For those with access to a computer, please visit IllinoisJoiningForces.org or email at info@illinoisjoiningforces.org. In addition, last Fall, IJF launched VetQnect, a mobile app for veterans and military service members in the state. IJF believes assisting veterans is a critical mission that cannot fail.

Tracey made 200 of her signature cupcakes for the various IJF organizations as a way of saying thank you. For Tracey that was probably easy. She already fed an army.

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Our National Guard’s Role – Ombudsman

Every state has a National Guard – as does the Virgin Islands, Guam, Puerto Rico and the District of Columbia. The National Guard traces its roots to the colonial militias. Those militias were the first to fight the British and later the rebels. They bought time until the Army could be increased.

The militias were poorly funded and there were always questions of control in the field. They were abolished and the National Guard was created at the beginning of the 20th century. The national Guard did not fare much better than the militias – historically criticized for being part-time volunteers who are poorly trained, poorly funded, and under equipped. They comprised a big part of troops in World War I and World War II. National Guard units were among some of the first to meet the enemy in those wars. Again, they bought time while the Army was increased.

The role of the National Guard changed at the end of the 20th century when the Guard transformed from a strategic reserve to an operational reserve. The Illinois National Guard deployment of a Brigade Combat Team to Afghanistan in 2008-2009 is an example of the transformation. The question is no longer “if you’re going to deploy” the question is “where are you going to deploy.”

Guard members are citizen soldiers that deploy and then return to their communities, families and civilian employment. The Uniformed Servicemember Employment and Re-employment Rights Act is the law that protects the employment rights of Guard and Reserve members. USRERRA is considered to be the most comprehensive civil rights legislation enacted in the country. However, because only .5% of Americans serve in the Guard or Reserve, it was not tested in the courts – until after all the post-9/11 deployments in the Global War on Terror.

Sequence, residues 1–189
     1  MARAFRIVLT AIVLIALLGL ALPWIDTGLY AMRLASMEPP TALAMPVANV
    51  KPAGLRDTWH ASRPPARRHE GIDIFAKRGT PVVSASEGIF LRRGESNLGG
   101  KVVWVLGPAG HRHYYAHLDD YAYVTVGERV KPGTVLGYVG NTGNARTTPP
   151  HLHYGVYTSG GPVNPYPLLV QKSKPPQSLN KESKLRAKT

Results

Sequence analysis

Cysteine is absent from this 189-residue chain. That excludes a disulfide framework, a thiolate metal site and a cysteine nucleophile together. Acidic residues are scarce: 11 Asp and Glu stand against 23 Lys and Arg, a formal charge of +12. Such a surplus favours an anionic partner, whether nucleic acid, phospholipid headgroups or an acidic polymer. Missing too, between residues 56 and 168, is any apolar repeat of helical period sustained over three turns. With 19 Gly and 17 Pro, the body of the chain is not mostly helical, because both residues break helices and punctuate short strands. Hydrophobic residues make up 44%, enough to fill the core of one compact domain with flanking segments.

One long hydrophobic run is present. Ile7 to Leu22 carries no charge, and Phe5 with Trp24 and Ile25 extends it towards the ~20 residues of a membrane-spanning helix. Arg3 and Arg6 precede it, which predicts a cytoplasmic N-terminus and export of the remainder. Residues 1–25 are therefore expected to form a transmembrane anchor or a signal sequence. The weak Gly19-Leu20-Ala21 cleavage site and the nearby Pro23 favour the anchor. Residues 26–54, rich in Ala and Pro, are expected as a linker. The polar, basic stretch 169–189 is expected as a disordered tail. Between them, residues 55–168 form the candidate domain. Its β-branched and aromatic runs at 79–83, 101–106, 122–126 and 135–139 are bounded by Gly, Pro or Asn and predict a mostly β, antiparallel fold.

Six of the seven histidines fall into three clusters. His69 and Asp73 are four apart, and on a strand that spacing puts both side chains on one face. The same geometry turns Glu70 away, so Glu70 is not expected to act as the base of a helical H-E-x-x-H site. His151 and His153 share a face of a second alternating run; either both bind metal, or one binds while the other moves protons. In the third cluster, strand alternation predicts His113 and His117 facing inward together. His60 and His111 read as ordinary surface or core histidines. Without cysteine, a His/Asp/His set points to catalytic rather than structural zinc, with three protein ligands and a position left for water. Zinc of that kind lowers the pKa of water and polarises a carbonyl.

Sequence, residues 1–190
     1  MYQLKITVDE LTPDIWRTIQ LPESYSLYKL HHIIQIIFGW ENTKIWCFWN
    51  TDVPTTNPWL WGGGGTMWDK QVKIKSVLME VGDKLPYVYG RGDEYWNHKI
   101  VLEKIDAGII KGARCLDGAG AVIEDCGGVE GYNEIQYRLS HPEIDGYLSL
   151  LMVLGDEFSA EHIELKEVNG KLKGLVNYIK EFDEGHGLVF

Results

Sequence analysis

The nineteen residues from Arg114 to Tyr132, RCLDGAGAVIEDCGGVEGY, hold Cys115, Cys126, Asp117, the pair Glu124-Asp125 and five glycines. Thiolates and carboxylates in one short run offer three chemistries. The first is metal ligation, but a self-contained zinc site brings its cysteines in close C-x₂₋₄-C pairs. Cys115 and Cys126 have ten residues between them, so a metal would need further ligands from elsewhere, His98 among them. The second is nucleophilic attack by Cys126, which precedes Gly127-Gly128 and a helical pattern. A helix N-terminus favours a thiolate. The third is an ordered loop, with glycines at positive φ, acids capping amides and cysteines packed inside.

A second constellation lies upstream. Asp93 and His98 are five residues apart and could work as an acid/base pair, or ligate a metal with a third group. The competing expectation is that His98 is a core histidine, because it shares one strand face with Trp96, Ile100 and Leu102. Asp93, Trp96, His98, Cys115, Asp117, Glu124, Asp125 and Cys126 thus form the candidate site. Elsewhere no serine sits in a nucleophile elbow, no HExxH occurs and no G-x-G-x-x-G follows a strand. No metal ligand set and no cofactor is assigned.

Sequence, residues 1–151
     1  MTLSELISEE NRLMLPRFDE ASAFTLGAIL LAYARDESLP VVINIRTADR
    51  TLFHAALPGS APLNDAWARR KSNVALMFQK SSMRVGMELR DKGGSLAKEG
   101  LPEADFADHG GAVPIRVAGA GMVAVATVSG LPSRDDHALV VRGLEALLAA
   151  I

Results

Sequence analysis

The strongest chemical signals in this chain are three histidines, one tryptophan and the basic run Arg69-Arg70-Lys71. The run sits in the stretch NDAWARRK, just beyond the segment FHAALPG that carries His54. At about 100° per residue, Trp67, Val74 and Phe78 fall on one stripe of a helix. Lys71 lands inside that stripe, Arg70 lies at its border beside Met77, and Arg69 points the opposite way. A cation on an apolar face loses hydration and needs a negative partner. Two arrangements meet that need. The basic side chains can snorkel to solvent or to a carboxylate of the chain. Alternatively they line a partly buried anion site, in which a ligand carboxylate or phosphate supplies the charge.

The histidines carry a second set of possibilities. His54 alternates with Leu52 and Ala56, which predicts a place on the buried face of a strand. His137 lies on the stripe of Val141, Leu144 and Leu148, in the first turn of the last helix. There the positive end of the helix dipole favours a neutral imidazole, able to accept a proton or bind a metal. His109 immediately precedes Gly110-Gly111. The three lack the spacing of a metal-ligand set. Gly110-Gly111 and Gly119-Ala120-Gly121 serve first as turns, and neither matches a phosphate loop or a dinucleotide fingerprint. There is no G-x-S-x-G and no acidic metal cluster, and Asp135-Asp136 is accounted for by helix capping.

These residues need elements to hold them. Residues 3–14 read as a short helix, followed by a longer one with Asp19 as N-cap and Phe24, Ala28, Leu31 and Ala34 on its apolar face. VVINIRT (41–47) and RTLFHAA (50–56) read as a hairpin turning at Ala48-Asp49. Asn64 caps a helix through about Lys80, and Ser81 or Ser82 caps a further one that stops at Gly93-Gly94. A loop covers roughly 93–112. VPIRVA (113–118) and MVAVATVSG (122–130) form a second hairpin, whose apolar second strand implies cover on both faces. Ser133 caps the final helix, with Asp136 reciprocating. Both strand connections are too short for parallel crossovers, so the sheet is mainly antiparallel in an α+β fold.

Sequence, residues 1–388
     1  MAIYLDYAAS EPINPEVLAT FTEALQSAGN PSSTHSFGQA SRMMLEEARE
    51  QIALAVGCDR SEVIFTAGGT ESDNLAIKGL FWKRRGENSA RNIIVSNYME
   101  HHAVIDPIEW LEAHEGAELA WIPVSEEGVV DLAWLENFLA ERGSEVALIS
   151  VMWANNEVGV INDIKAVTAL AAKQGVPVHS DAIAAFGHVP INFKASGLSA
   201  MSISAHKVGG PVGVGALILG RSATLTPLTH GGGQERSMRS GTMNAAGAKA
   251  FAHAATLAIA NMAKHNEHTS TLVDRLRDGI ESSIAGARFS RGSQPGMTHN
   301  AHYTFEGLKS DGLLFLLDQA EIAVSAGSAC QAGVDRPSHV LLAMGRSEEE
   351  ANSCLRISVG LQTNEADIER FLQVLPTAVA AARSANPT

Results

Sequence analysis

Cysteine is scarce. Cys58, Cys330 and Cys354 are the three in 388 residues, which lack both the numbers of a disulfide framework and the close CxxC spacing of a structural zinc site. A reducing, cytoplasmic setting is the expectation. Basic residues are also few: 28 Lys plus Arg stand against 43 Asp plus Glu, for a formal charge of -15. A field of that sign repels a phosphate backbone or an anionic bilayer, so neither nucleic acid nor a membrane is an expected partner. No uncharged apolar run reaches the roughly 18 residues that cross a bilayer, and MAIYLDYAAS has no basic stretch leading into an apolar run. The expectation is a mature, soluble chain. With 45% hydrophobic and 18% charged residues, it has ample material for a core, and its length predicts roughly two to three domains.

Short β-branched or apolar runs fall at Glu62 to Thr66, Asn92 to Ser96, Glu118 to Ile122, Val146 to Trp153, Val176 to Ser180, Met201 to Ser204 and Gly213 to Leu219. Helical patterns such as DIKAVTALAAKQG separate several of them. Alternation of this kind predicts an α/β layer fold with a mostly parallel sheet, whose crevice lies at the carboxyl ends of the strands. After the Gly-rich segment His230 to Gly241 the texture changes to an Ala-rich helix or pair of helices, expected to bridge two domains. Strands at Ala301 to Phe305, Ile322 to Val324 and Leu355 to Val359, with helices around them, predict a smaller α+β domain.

The state Employer Support of the Guard and Reserve Committee is charged with protecting the employment rights of Guard and Reserve members.   Funded by the DOD, ESGR has existed since the early 1970s, and is staffed mostly by volunteers. The local ESGR committee exists to educate employers about the USERRA law and resolve servicemember employment complaints. Complaint resolution is handled through ESGR’s Ombudsman Program – designed to resolve complaints through an informal and non-binding mediation program.

The National Guard has adapted to the changes in the military’s use of the Guard and Reserve. However, ESGR has not adapted to the new role of the Guard. The Ombudsman Program has few specific criteria for who can be an Ombudsman – no background in law, HR, labor relations or collective bargaining is required. Further, the USERRA law is technical and dense – regularly confusing attorneys and HR professionals alike. Moreover, valid dispute resolution training takes from 25 to 40 hours. ESGR crams legal training and dispute resolution into three days.

Illinois ESGR is lucky to have some talented volunteers with legal, HR and collective bargaining backgrounds. An Illinois servicemember with an employment issue might get one of the skilled ESGR volunteers – or they may get one whose only exposure has been the substandard training.   Our Guard and Reserve members leave their civilian employment to serve their country. If they have a workplace dispute due to their military service, is it fair to leave those disputes to a group of well-intentioned but poorly trained volunteers?

How to change the situation? Encourage those with the appropriate skill to volunteer as an Ombudsman at www.esgr.mil

Brian Clauss is the Executive Director of The John Marshall Law School Veterans Legal Support Center & Clinic in Chicago.